To celebrate World Book Day, Sainsbury’s has published a list of 50 books which every child should read by the age of 16, with Roald Dahl's Charlie and the Chocolate Factory taking top spot!
The magical story about Charlie Bucket’s golden ticket to Willy Wonka’s chocolate factory proves to be the most loved for children, with Lewis Carroll’s Alice in Wonderland finishing runner up.
The study of 2,000 reading enthusiasts was created to determine the ultimate list of the top 50 books that should be on every child’s reading list, encouraging bedtime reading for British families.
The list covers a range of traditional classics and more modern tales - The Hunger Games by Suzanne Collins, Mark Haddon’s The Curious Incident of the Dog in the Night-Time and J.K. Rowling’s Harry Potter adventures also featured. C.S. Lewis’ adventures in Narnia are no less thrilling today - The Lion, the Witch and the Wardrobe finished third in the list of 50 books, while Winnie the Pooh and Black Beauty rounded off the top five.10 books which every child should read by the age of 16 Click to Tweet
Mavis Sarfo, from Sainsbury’s Book Team, said: "The 50 books show a much-cherished collection of some of the finest children’s writing that has delighted readers and transported them to other worlds for generations.
"It’s fantastic to see that so many parents get involved in reading bedtime stories by putting on character voices and wearing costumes to bring characters to life. Encouraging children to role play through dress up and becoming ‘The Gruffalo’ or ‘Elsa from Frozen’ is crucial in developing imaginations from an early age and a love of reading.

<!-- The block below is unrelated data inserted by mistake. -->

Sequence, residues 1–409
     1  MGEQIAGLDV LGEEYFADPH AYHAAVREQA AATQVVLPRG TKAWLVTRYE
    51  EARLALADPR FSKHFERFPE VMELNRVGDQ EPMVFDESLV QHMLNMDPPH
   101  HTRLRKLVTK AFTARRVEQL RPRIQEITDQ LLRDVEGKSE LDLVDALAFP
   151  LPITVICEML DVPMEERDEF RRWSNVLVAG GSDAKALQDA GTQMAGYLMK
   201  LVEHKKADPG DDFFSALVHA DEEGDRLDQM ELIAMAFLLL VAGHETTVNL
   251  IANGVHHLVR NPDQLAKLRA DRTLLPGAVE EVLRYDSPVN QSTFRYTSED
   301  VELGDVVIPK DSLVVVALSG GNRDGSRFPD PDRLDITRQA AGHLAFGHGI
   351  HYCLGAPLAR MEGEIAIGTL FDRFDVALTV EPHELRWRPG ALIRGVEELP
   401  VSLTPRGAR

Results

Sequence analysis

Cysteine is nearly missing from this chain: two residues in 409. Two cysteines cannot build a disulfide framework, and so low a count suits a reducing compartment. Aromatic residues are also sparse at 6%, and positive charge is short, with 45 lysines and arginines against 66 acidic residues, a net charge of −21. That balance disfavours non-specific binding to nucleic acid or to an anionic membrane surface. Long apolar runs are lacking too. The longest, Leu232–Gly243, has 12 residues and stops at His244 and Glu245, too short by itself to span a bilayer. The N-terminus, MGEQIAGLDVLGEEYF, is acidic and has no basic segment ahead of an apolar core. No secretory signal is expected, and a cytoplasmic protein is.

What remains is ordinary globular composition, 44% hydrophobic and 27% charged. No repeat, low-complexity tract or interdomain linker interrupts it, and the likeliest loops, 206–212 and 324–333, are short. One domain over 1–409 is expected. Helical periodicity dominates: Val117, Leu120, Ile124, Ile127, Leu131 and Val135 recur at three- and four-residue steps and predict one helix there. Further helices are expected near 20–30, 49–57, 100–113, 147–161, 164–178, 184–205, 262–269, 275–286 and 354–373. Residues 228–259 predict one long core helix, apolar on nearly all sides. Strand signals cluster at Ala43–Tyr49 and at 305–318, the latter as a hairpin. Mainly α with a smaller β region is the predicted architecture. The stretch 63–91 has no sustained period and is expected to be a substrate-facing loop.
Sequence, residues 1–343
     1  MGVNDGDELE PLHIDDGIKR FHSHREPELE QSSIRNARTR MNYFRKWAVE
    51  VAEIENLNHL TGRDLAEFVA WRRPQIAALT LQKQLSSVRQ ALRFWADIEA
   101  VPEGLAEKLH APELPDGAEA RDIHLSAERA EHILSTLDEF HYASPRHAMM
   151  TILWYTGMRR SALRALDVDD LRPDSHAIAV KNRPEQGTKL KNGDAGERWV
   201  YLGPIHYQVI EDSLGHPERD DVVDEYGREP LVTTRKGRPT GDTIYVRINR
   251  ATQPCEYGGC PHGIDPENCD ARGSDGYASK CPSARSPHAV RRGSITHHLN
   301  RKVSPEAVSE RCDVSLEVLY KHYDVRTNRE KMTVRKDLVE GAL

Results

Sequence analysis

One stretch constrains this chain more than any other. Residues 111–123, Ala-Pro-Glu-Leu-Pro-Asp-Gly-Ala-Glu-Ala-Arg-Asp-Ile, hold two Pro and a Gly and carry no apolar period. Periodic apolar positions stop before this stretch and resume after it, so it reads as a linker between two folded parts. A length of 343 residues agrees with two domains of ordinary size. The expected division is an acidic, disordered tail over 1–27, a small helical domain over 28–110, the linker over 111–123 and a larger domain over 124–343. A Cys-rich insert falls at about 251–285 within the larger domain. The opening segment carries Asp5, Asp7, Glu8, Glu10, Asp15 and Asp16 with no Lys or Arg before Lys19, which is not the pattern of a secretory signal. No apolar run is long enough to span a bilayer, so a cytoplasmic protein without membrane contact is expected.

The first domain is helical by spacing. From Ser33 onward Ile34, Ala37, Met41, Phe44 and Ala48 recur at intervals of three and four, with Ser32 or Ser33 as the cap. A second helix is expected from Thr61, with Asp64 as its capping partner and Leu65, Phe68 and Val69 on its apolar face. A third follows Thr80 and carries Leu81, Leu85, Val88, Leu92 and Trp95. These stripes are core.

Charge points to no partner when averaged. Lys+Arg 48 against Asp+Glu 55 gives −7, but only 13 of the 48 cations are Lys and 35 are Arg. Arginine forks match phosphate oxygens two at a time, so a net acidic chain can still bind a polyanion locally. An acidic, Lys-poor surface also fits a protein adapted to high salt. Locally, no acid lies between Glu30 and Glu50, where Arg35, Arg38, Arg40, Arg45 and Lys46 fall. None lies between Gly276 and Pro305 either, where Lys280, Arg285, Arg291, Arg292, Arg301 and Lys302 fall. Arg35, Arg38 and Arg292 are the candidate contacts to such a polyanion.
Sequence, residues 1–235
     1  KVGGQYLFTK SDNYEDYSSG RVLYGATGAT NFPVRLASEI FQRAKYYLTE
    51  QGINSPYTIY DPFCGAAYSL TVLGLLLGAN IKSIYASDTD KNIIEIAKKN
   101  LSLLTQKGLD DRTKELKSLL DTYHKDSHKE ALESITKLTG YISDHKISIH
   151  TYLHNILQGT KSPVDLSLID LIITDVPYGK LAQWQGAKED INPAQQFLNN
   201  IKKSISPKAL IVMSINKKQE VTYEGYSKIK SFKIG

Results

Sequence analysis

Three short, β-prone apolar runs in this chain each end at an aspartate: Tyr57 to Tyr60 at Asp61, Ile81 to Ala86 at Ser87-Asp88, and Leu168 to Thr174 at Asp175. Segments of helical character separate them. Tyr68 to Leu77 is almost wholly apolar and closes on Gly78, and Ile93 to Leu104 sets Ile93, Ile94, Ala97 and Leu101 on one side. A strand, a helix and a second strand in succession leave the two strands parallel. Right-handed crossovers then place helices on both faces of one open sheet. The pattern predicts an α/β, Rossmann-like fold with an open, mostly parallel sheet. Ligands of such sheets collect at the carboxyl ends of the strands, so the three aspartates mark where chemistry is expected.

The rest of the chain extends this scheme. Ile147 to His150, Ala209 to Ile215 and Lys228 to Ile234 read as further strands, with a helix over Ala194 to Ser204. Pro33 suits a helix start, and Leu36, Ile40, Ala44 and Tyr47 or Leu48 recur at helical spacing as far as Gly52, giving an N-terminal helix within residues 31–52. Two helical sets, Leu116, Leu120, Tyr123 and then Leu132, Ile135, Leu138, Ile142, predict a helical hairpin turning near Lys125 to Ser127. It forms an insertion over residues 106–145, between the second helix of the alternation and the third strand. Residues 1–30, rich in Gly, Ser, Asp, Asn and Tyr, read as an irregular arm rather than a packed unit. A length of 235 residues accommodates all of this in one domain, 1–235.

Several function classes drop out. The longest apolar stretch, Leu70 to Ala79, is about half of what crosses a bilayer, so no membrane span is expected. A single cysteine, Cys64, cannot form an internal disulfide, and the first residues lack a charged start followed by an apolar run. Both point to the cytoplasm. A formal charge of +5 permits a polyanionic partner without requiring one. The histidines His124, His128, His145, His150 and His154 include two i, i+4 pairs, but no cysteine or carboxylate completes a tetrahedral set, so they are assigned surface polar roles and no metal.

"Encouraging role play by dressing up as favourite book characters further fuels this and Sainsbury’s has a great selection of children’s costumes and books to celebrate World Book Day – we look forward to welcoming book lovers of all ages in our stores."
Tony Robinson, actor, comedian and author, who worked with Sainsbury’s on the campaign, added: "The response from parents and the lengths they go to in bringing these stories to their children as vividly as possible is amazing.
"It shows that the power of make believe is so important in the development of a child and a key role in parents bonding with their young ones."
To celebrate the nation’s week of reading, Sainsbury’s is encouraging children to read more by exploring the world of books and dress up as their favourite fictional characters.
From Monday 2 March, Sainsbury’s will be hosting in-store ‘Make Believe’ events nationwide, to support the nation’s reading week complete with reading corners and activities to encourage children to read more and inspire parents to get involved.The 50 books every child should read by age 16 Click to Tweet
Survey conducted by Census Wide and polled 2,000 parents in February 2015